If this test bed is a success I hope to build several more for next year. I will post some update photos once the growing season gets into high gear. In the meantime, I found a toad lounging on the steep banks of that hill this week. I view that as a very positive sign for a fruitful future.
It has been an eventful week around Carrowmore Farm. We put away our second batch of homemade maple syrup and welcomed the arrival of our heritage breed chicks. The weekend chores, evaporating sap and clearing pasture space for our new residents, provided plenty of free capacity for my mind to ramble. My pondering mostly revolved around how much hobby farming has changed in the last two generations.
My grandparents would not have considered themselves hobby farmers, but by my modern standards they were much more “farmer” than me. Times have always been hard in rural Appalachia and the Great Depression was the great re-enforcer of a hard living. My grandfather earned the best living available in his circumstances, in the coal mines deep underneath the mountains. He didn’t talk about mining often but would share a recurring memory of his first few years loading pony carts of coal, getting paid by the cart, and being deducted for any “rock” (which seemed to have been a subjective term applied randomly by the boss.) In my youth I was more interested in hearing about the ponies that lived most of their lives underground, but the story has stuck with me through my years. As fortunate as he considered himself to have a “good job” my grandparents kept a dairy cow, a steer, a couple of hogs, honeybees, laying hens, and a garden larger than a couple of suburban lots. They didn’t do it because it was fun. They did it for survival. They couldn’t afford not to be “hobby farmers.”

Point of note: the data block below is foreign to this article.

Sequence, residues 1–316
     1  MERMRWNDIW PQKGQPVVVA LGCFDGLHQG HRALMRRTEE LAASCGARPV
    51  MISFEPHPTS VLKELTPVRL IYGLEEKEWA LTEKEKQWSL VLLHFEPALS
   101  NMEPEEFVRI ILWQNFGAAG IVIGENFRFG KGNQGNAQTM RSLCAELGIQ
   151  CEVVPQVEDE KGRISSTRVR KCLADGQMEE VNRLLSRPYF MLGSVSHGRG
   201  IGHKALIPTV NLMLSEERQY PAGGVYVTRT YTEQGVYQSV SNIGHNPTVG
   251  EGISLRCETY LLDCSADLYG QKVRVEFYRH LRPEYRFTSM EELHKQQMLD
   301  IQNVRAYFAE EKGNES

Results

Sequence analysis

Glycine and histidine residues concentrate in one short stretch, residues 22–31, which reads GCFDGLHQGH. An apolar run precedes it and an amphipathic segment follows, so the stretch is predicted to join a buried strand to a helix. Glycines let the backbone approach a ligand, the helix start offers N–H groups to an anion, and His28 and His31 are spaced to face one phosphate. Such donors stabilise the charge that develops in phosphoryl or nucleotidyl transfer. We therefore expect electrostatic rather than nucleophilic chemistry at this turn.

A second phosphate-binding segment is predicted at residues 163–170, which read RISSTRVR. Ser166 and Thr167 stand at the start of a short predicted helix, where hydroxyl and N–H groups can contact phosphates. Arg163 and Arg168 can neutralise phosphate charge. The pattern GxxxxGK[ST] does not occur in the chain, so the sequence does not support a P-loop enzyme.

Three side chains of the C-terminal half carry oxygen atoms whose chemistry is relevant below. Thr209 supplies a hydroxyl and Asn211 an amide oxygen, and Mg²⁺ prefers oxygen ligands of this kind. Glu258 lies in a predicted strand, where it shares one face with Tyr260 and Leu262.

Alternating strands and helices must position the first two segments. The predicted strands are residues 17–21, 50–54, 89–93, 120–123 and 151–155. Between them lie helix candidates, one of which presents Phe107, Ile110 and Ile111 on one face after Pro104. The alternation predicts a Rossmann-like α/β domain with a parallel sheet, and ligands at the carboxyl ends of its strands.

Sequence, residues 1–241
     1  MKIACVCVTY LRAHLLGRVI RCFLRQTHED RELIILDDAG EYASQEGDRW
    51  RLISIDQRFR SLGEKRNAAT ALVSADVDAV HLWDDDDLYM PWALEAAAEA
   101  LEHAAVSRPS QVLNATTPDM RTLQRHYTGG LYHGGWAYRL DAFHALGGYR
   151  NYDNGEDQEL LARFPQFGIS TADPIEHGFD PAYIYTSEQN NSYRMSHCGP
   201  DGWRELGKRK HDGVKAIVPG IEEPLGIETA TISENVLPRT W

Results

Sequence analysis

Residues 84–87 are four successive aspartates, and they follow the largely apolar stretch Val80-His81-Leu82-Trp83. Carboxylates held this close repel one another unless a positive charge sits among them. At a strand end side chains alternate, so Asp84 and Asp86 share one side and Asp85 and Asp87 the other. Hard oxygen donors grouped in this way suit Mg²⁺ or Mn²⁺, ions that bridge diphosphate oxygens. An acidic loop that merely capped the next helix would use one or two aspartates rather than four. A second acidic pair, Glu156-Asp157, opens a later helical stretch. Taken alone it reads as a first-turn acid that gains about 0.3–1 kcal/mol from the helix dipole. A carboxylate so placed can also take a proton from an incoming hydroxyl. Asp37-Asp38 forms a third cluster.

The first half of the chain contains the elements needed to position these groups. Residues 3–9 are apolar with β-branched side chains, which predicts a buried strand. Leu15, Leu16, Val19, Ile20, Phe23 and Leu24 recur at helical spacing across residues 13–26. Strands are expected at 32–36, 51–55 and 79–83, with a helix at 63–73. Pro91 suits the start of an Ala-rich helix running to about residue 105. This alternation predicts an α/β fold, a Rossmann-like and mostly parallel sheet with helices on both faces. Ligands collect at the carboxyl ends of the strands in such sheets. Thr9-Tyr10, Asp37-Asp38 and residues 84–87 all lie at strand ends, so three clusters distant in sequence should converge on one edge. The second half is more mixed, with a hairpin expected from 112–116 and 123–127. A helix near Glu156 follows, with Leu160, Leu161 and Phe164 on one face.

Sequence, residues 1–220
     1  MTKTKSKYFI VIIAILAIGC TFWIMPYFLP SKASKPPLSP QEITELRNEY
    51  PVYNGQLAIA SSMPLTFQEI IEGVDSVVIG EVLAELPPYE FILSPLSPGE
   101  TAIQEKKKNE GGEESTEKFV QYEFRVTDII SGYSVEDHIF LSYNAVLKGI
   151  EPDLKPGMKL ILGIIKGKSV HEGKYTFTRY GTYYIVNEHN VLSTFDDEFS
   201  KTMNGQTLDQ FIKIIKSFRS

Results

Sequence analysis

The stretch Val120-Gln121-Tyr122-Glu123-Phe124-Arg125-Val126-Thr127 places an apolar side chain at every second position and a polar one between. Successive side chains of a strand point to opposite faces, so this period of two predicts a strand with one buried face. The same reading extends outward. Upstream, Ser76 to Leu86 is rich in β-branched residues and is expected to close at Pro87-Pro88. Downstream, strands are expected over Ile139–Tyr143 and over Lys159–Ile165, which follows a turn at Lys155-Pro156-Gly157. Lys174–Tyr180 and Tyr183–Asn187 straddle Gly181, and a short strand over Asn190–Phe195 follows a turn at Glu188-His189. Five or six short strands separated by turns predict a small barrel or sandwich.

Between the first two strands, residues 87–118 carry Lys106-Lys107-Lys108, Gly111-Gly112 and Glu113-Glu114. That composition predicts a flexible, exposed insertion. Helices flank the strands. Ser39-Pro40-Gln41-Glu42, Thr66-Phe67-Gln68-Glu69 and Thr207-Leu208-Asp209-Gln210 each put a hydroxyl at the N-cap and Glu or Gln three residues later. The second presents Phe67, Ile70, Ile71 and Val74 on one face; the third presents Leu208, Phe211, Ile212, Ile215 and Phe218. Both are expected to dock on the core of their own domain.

Welcome to the 21st century. Like my grandfather, I consider myself fortunate to have a “good job.” In fact, I have a career successful enough that I can choose to raise my family on a hobby farm. I hobby farm because I CAN afford it, not because I can’t afford not. I look at that striking piece of architecture that doubles as the chicken house and realize that our hens would have to lay golden eggs for that enterprise to breakeven in the next decade. I wouldn’t want to calculate the cost of hay we’ve pumped into those equine compost machines in the barnyard. The maple syrup we canned on Saturday, the price per ounce likely rivals that of some lesser precious metals.
I’m not lamenting the cost and effort associated with the lifestyle I can afford to lead. I feel privileged to have the freedom to choose it. I can also understand why my personal approach to sustainability is out of reach to some and less than attractive to others. There have been many innovations and economic successes over the past 60 years that have provided us with a more prosperous life than our grandparents. As I sunlight (isn’t that the opposite of moonlight?) as a business leader of innovation, I’m heartened by the innovations and economic drivers that created that prosperity. I am also pained by the challenges it has created. I think an answer lies somewhere in an approach similar to the one that created that dilemma. To address those challenges we must look toward innovation and economic success, but innovation around a different problem definition and within a different context. With innovation breakthrough often comes through reframing the problem.